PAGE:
Difficulty in New Situations: You had an organized daily routine. You made decisions in familiar situations. You had a hard time making decisions in new situations or with new tasks.
Poor Decisions/Unaware of Consequences: You made poor decisions or needed reminders, cues or supervision to plan, organize, and correct your daily routines. You tried to make decisions, although poorly.
No or Few Decisions: You never or hardly ever made any decisions at all.
4. Complex Medical Conditions
This info is in Section D of the document, “CARE Results.”* Be sure the boxes are checked for your conditions. If you have conditions or diagnoses on the list, you might get more personal care hours. Not everyone with diagnoses or conditions listed below will get more hours. If you are unsure if you have something on the list, ask your doctor.
ALS (Lou Gehrig's disease)
*These might be listed in the Treatments section of the CARE assessment
**These might be listed in the sections called Bed Mobility, Toileting, or Eating.
Legal Information: See WAC 388-106-0095
5. Moods and Behaviors
DSHS looks at mood and behavior issues that can affect how much time it takes to help you. For each issue, DSHS considers:
how current it is
how often it happens
how easy it is to change
This information is in three columns. A checkmark in the third column means DSHS thinks you might need more help because of that issue. Make sure the third column has a check mark for each issue that applies to you.
Here is what the requirements in the second column mean:
"Current" behaviors happened within seven days of the assessment. All others are "Past."
"With intervention" means past behaviors that no longer happen only because you get help. Example: "unsafe cooking" no longer happens because the caregiver leads you away from the stove when you try to cook.
Frequency: How often a current behavior happens. It can be one to three times a week, four to six times a week, or daily.
Alterability: How easily the caregiver can redirect, deal with, or change the behavior. Example: Your autism results in repetitive movements. That is not easy to alter because it is a symptom of your autism.
Your behaviors may or may not result in higher care hours. It depends on many things. If the hours DSHS decides on are not enough to deal with your behaviors and other care needs, think about asking for more hours under an Exception to Rule (ETR). See Section 12, Exception to Rule.
*Legal Information: See WAC 388-106-0100
6. Activities of Daily Living (ADLs)
This part of the Assessment Details shows how much help you got in the seven days before the assessment with the activities that are part of your regular life. DSHS calls these "Activities of Daily Living" (ADLs). This section's definitions are very important. You may think of an activity differently than how DSHS defines it. Example: "eating" does not include anything about making food. They call making food "meal preparation." DSHS may also use words for levels of help differently than you normally use them.
The ADLs are right after the Decision Making section of the Assessment Details. Read this section to see if you agree with the information and scoring for each ADL.
Be aware of these things:
The assessor notes the help you got in the seven days before the assessment only. If those days were not a good measure of how much help you usually need, or you now need more help, ask for a reassessment.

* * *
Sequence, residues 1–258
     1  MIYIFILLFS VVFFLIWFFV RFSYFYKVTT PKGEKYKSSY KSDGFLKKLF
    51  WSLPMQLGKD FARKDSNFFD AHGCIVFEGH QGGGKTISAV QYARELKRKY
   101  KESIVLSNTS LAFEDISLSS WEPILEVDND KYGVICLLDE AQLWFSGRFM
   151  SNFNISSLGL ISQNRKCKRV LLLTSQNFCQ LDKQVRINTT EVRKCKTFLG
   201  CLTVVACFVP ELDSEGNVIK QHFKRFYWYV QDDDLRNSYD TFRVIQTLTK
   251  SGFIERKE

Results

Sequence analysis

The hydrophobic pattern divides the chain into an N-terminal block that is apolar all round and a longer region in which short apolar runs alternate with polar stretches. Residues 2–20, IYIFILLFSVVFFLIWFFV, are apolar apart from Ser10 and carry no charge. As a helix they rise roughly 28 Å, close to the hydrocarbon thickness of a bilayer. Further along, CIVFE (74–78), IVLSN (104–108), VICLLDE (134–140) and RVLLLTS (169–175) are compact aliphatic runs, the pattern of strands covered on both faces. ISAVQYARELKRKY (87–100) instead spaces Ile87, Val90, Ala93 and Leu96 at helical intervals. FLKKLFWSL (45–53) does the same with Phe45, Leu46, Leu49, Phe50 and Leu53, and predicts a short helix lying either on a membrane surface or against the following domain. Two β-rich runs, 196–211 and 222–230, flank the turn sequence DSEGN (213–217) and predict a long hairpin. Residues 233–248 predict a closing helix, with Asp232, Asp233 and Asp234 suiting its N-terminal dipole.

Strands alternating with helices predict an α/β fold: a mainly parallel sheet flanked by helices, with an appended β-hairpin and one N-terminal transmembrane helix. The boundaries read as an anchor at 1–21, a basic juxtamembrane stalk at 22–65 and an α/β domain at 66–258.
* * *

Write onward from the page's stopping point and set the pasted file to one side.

ADLs you need help with at least three times a week are scored at a higher level.
ADLs for which you need hands-on or weight-bearing help are scored at a higher level. So are ADLs where your caregiver always has to do part of the task. (Example: you can help get dressed except putting on your shirt or shoes.)
7. What Are the ADLs?
The ADLs that affect how many personal care hours you get are:
Locomotion – how well you get around inside and outside your home. This includes in your wheelchair.
Bed Mobility – if you needed help to move to and from a lying position, turn side to side, and/or position your body while in bed or other furniture you slept in.
Transfer – if you needed help getting in and out of bed, a couch, chairs, a wheelchair, into a standing position, and so on. This does not include how you move to and from the bath, toilet, or vehicle.
Eating – if you needed help getting food from your dish or cup to your mouth and chewing or swallowing without choking. It does not include making meals. It might mean making sure you eat, do not choke during swallowing, or that you eat the right foods.
Toileting– if you needed help using the bathroom, commode, bedpan, or urinal, including getting on and off, wiping, changing pads, adjusting clothing, and so on.
Dressing – if you needed help getting dressed or undressed, including putting on, fastening, and taking off all items of clothing. This also means prosthetics.
Personal Hygiene – if you needed help with tasks like combing your hair, brushing your teeth, shaving, clipping your nails, applying lotion or makeup, menses care, washing face or hands, and so on. This does not include showers or bathing.
8. How Much Help Do You Need?
The assessor uses these definitions to describe the level of help you need with each ADL:
Independent - No help or supervision, or you needed help or oversightonly one or two times in the last seven days before the assessment.
Supervision - Monitoring, standby, encouragement, or cueing at least three times in the last seven days before the assessment. You did not get physical help more than twice.
Limited - You were highly involved in the activity but got physical help to move, guide or steady your body at least three times in the last seven days before the assessment.